At 70, can India mobilize its strengths and galvanize into the role of a serious power player on the global stage? The question is related to the whole new perception of India as a dominant power in South Asia rather than as a Third World country, enabled by our foreign policies, defense strategies and a buoyant economy. The country’s status abroad is key in its emergence as a heavyweight but the foreign service officers’ cadre no longer draws top talent. Is India equipped right for its aspirations? The ‘India Abroad: From Third World to Regional Power’ panel will explore India’s foreign policy with Ashley Tellis, Meera Shankar (Former Foreign Secretary), Kanwal Sibal (Former Foreign Secretary), Jayant Prasad and Rakesh Sood.

Are we under-estimating how critical water is in India’s race ahead?

At no other time has water as a natural resource assumed such a big significance. Studies estimate that by 2025 the country will become ‘water–stressed’. While water has been the bone of contention between states and controlling access to water, a source for political power, has water security received the due attention in economic policies and development plans? Relevant to the central issue of water security is also the issue of ‘virtual water’. Virtual water corresponds to the water content (used) in goods and services, bulk of which is in food grains. Through food grain exports, India is a large virtual net exporter of water. In 2014-15, just through export of rice, India exported 10 trillion litres of virtual water. With India’s water security looking grim, are we making the right economic choices? Acclaimed author and academic from the Institute of Economic Growth, Delhi, Amita Bavisar will moderate the session ‘Does India need virtual water?’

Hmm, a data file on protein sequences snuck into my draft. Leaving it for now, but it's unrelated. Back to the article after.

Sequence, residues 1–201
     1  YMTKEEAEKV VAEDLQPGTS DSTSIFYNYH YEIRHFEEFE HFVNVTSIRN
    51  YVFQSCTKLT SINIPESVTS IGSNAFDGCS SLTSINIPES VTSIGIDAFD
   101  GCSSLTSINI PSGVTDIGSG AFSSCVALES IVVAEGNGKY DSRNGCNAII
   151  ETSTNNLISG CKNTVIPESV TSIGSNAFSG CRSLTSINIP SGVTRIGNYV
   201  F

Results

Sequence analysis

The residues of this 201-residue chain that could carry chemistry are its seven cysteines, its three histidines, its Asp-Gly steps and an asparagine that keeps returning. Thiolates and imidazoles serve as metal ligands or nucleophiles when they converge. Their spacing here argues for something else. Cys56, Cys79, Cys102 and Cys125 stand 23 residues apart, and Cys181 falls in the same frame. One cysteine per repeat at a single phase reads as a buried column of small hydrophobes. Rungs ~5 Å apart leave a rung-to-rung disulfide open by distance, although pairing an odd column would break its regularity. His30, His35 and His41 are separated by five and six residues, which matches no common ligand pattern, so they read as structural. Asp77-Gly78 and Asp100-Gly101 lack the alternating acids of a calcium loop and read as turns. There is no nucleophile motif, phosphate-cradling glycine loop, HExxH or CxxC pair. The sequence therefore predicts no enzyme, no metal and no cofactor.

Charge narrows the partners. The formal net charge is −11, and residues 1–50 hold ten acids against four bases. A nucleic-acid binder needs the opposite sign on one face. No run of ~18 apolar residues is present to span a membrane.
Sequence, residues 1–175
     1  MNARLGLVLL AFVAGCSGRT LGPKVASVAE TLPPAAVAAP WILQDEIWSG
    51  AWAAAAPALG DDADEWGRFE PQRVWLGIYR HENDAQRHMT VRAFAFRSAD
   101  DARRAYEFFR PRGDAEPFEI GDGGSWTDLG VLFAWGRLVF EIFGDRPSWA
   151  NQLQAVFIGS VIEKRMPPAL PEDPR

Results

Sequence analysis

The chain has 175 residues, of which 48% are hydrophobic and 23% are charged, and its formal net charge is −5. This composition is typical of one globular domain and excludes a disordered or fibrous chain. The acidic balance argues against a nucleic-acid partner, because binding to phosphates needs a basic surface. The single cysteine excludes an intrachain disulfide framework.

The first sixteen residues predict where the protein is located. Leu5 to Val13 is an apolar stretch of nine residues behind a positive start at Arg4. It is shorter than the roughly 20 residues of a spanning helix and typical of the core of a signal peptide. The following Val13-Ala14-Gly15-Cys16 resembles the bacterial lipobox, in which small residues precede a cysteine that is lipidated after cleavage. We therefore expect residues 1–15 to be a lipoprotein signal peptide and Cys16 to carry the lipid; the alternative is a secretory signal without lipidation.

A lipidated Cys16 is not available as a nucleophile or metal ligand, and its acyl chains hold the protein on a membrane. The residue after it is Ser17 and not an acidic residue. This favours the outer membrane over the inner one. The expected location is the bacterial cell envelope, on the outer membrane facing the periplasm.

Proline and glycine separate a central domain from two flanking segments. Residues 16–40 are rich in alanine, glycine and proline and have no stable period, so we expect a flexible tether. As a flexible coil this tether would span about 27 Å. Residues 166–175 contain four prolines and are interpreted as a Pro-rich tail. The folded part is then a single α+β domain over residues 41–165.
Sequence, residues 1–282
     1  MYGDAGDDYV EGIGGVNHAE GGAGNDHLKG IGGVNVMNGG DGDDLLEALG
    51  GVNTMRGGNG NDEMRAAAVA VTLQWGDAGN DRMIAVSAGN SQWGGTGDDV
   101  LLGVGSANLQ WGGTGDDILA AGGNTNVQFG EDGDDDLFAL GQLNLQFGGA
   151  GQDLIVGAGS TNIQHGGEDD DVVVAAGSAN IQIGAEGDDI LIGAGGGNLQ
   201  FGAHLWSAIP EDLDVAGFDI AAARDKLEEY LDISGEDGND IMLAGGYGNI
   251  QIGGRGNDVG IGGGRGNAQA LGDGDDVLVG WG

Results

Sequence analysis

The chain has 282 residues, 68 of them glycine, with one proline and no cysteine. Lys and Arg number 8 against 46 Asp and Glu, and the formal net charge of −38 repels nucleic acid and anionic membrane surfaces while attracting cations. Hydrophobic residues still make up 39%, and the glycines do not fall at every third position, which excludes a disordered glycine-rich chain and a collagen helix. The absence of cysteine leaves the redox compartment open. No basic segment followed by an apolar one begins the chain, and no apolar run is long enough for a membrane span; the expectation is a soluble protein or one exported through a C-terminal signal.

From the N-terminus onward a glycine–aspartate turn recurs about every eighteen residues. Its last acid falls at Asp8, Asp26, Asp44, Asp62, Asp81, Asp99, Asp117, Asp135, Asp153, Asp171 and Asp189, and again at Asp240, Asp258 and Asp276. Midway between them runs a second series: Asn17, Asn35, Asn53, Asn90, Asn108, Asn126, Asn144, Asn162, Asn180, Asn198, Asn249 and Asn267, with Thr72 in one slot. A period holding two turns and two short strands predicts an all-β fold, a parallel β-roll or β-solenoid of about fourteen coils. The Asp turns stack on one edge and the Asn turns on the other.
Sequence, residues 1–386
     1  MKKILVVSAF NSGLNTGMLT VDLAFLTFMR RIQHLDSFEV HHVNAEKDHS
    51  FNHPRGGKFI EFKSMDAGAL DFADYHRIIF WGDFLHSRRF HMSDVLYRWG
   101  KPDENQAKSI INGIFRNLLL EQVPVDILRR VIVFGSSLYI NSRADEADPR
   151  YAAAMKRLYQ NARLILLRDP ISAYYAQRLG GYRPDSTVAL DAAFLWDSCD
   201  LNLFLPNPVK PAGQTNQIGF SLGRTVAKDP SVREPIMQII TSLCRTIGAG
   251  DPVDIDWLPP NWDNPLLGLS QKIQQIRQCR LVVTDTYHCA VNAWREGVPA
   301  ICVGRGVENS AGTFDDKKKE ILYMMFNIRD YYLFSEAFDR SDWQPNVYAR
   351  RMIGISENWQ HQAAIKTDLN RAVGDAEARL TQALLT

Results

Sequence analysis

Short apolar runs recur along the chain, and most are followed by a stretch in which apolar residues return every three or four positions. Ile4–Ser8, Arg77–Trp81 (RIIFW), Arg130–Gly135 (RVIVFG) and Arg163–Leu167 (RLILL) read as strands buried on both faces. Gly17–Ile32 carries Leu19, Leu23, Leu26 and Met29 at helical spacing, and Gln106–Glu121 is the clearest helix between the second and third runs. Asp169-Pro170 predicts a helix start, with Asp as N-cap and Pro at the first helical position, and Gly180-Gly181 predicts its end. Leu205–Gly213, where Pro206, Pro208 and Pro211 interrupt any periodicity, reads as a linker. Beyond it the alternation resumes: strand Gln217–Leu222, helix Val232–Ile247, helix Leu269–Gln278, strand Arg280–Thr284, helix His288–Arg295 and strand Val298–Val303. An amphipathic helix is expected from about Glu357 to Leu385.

Delve into this rich confluence of ideas and more at the ‘India @ 70: LSE India Summit’, presented by Apollo Tyres in association with the British Council and organized by Teamworks Arts during March 29-31, 2017 at the India Habitat Centre, New Delhi. To catch ‘India @ 70’ live online, register here.

At the venue, you could also visit the Partition Museum. Dedicated to the memory of one of the most conflict-ridden chapters in our country’s history, the museum will exhibit a unique archive of rare photographs, letters, press reports and audio recordings from The Partition Museum, Amritsar.

This article was produced by the Scroll marketing team on behalf of Teamwork Arts and not by the Scroll editorial team.